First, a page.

In a court ruling that came out a little while ago (just catching up now), Judge Richard Posner took the lead in an appeals court ruling that effectively reaffirmed the idea that police don't need a warrant to search mobile phones
as they're arresting someone. Of course, this general concept is not new
and I've discussed my concerns about police being able to search phones without a warrant in the past -- but this particular ruling does seem pretty limited. While Posner notes some of the bigger questions, he basically compares the phone to a diary, and focuses on the mere searching of basic data, like the address book, to suggest this particular search was limited, and doesn't raise any significant 4th amendment issue.
It’s not even clear that we need a rule of law specific
to cell phones or other computers. If police are entitled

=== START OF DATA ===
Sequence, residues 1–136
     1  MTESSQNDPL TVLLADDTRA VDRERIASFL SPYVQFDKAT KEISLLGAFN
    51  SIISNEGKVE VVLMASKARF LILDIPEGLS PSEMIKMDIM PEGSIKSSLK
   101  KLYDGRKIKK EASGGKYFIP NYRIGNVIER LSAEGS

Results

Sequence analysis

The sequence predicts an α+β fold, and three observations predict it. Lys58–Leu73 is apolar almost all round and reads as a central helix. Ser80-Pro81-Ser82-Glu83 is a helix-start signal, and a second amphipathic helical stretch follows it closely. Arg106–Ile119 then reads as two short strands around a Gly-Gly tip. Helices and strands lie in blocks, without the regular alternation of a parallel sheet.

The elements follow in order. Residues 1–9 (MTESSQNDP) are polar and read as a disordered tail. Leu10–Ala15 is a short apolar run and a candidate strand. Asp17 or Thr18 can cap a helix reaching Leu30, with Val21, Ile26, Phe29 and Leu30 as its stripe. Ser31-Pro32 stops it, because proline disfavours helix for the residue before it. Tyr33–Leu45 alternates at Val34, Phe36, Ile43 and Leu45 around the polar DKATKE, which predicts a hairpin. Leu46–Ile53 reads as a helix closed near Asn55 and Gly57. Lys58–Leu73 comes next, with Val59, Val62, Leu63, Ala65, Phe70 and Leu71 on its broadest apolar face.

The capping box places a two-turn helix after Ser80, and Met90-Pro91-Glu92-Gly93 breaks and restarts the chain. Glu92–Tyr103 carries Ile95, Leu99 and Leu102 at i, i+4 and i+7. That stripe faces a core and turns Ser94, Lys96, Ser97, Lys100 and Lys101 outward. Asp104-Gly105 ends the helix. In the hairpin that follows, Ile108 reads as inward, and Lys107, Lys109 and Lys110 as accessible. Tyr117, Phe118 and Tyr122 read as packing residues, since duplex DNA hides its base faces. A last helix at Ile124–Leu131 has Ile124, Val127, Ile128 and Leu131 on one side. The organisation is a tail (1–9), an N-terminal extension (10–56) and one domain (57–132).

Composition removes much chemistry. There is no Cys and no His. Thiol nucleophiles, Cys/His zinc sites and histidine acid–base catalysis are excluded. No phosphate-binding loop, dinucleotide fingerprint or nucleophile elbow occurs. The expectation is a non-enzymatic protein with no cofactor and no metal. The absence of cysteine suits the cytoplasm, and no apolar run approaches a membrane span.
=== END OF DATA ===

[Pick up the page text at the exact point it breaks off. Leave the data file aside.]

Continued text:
to open a pocket diary to copy the owner’s address, they
should be entitled to turn on a cell phone to learn its
number. If allowed to leaf through a pocket address
book, as they are, United States v. Rodriguez, 995 F.2d 776,
778 (7th Cir. 1993), they should be entitled to read the
address book in a cell phone. If forbidden to peruse love
letters recognized as such found wedged between the
pages of the address book, they should be forbidden to
read love letters in the files of a cell phone.
Effectively, the court more or less says that circumstances matter, and that in situations where there's a chance that data will get deleted or modified, it's perfectly reasonable to do a simple
search of the mobile phone, but it could get thornier if it moves more in the direction of voyeurism, rather than as evidence for crimes. I'd certainly prefer much stronger privacy protections -- especially as a phone really is a window into much, much more than just a phone, but the ruling isn't much of a surprise and seems to align with other rulings on similar issues.